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Publication of real-world data from a retrospective study on the use of INOmax in hospitalized COVID-19 patients with ARDS

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Published:19th Apr 2022

Mallinckrodt Plc announced the publication of findings from a retrospective chart review study assessing the real-world use and outcomes of INOmax (nitric oxide) gas, for inhalation therapy in hospitalized patients with COVID-19 and mild-to-moderate acute respiratory distress syndrome (ARDS), a disorder in which fluid leaks into the lungs, making breathing difficult or impossible.

The results of the study were published in the peer-reviewed journal Drugs in Context.

The safety and efficacy of INOmax to treat COVID-19 have not been evaluated, established or approved for use by the FDA. The retrospective, observational medical chart review study included patients who were at least 18 years old at the time of hospitalization, hospitalized for COVID-19, met the Berlin definition of ARDS, received INOmax for at least 24 hours continuously during hospitalization and had a partial pressure of oxygen (PaO2)/fraction of inspired oxygen (FiO2) ratio (P/F ratio) greater than 100 and less than 300mmHg when INOmax was initiated.

A total of 213 patients were screened for enrollment from seven study sites across the U.S. of which 37 patients met enrollment criteria. Patients were followed from COVID-19–related hospitalization up to 30 days post discharge or until loss to follow-up, and data were collected between October 1, 2020, and March 31, 2021. The most common reason for exclusion was severe ARDS with a P/F ratio less than 100 (N=146; 83 percent of excluded patients).

The data analysis found that when response was defined as an increase in P/F ratio by greater than 20 percent at any time after INOmax initiation, nearly two-thirds of patients (n=23; 62.2 percent) achieved response to INOmax. Additionally, mean P/F ratio (standard deviation) increased from 136.7 (34.4) at baseline to 140.3 (53.2) at 48 hours and 151.8 (50.0) at 72 hours after INOmax initiation (N=34). Median time to response was 3 days (interquartile range 1 to 3 days) after initiation of INOmax. In a sensitivity analysis, when response was defined as a greater than 10 percent increase in P/F ratio, most (n=26; 70.3 percent) patients were categorized as responders. Among the 27 patients (73 percent) receiving invasive mechanical ventilation at the time of INOmax initiation, 4 (14.8 percent) were transitioned to non-invasive ventilation. No patient required extracorporeal membrane oxygenation (ECMO) after initiating INOmax.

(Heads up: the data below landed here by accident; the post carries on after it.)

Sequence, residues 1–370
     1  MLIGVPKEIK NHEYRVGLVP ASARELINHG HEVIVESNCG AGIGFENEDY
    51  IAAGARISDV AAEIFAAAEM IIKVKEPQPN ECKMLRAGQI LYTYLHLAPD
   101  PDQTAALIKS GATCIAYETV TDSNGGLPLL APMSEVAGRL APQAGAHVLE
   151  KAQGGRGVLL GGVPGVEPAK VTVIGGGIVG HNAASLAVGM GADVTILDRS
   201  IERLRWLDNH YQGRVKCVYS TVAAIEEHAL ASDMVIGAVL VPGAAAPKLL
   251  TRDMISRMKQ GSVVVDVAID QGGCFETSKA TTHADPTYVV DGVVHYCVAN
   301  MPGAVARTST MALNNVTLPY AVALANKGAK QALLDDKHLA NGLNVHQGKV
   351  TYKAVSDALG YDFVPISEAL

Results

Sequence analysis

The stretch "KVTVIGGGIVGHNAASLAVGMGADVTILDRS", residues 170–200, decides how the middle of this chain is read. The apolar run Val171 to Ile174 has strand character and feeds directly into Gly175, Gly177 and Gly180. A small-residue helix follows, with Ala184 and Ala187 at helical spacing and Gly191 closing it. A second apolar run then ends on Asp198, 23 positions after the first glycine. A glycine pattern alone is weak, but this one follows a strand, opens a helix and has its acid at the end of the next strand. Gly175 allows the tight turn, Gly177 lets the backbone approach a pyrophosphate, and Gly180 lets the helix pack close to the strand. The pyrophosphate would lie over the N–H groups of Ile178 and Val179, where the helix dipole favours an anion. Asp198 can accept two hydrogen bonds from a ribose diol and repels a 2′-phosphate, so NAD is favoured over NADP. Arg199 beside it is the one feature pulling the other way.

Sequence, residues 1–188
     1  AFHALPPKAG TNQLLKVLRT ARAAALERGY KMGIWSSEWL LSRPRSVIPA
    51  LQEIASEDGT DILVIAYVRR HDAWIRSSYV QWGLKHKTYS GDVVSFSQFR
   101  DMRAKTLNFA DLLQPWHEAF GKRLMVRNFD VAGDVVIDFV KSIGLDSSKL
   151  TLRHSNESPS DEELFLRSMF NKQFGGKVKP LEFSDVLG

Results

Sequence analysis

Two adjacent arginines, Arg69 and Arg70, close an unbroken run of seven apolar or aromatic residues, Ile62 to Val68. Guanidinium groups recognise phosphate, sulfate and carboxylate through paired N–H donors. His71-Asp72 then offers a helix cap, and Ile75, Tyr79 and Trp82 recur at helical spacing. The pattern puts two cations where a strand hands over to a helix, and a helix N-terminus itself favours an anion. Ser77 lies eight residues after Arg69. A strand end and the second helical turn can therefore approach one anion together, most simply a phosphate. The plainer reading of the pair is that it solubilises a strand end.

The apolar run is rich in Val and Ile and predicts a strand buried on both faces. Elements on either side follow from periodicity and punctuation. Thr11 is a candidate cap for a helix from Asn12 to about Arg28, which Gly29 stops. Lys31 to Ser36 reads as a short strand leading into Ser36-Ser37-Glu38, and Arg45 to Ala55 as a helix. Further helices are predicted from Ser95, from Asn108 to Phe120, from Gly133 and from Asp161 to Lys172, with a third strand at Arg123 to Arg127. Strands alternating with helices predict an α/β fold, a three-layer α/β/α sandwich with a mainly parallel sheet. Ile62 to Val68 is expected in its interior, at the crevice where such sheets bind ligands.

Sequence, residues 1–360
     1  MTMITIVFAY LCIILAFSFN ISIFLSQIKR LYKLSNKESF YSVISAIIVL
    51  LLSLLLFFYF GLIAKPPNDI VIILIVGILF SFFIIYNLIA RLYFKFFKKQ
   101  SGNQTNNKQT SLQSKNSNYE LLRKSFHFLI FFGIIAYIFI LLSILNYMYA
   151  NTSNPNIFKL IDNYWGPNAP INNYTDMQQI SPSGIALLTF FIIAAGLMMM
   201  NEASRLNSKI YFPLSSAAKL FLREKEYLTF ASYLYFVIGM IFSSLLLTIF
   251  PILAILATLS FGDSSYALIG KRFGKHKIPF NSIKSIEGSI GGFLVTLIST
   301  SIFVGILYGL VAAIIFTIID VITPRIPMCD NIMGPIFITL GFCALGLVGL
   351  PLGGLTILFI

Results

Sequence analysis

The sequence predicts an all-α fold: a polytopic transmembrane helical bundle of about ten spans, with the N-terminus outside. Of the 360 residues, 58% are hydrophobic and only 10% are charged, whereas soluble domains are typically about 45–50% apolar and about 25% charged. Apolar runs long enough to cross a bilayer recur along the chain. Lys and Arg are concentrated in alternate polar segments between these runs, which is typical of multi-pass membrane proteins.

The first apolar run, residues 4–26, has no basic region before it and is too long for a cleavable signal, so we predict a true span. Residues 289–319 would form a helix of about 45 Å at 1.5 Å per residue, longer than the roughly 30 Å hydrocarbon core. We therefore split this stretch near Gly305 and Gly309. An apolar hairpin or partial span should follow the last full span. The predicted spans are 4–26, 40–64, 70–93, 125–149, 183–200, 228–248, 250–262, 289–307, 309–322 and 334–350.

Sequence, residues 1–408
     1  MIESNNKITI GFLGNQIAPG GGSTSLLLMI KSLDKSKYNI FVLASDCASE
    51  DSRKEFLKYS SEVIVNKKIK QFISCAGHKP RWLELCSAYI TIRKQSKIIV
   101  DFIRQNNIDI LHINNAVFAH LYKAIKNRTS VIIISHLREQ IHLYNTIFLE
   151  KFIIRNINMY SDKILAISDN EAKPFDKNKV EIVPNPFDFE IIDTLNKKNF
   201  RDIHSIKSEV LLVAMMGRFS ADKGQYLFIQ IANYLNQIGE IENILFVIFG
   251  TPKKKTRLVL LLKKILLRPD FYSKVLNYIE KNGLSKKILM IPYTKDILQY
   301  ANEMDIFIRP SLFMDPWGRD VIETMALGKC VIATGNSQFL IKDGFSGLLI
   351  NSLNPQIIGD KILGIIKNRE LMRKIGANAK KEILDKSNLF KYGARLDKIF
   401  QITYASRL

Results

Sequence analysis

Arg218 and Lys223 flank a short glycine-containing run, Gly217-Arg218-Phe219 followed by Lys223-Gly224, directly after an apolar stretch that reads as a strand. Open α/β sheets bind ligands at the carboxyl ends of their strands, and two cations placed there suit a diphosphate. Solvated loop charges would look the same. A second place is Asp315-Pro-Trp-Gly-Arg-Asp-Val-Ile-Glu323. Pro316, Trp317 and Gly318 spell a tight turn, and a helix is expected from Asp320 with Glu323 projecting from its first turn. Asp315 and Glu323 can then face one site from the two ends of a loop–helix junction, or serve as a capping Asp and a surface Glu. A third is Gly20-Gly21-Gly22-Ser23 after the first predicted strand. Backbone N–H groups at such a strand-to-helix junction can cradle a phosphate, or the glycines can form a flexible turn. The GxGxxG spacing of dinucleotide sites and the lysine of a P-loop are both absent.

Data on select adverse events of interest were also collected (methemoglobinemia, airway injury and worsening pulmonary edema) and none were attributed to INOmax treatment. At discharge, 20 patients (54 percent) improved or remained stable according to the Clinical Global Impression–Improvement (CGI-I) scores.

Study limitations include the retrospective nature of the study design and the use of data abstracted from medical charts of study patients. The accuracy and completeness of data in this study are limited by the availability and quality of data in each patient's medical chart. Treatment patterns in the study reflect the use of INOmax for hospitalized COVID-19 patients in selected medical centers willing to participate in this retrospective medical chart study and may not be representative of all institutions using INOmax. The dosing and duration of INOmax treatment was variable across sites and determined at the attending physician's discretion. Criteria for initiation of INOmax, INOmax weaning and weaning protocols were not standardized across sites. Detailed information was not collected about all potential interventions for the acute management of COVID-19 ARDS, including diuretics, vasopressors and prone positioning.

Future randomized, placebo-controlled studies are needed to determine potential efficacy, safety and place in therapy. Due To The Retrospective Nature Of This Analysis, It Is Hypothesis-Generating; No Formal Conclusions Should Be Drawn.

See- "Real-world use of inhaled nitric oxide therapy in patients with COVID-19 and mild-to-moderate acute respiratory distress syndrome."-Authors: Steven H Abman, Nicholas R Fox, M Ibrahim Malik, et al.,, on behalf of the NOTICE Study Investigators DOI(Drugs in Context) 10.7573/dic.2022-1-4.

Condition: Coronavirus/ARDS
Type: drug

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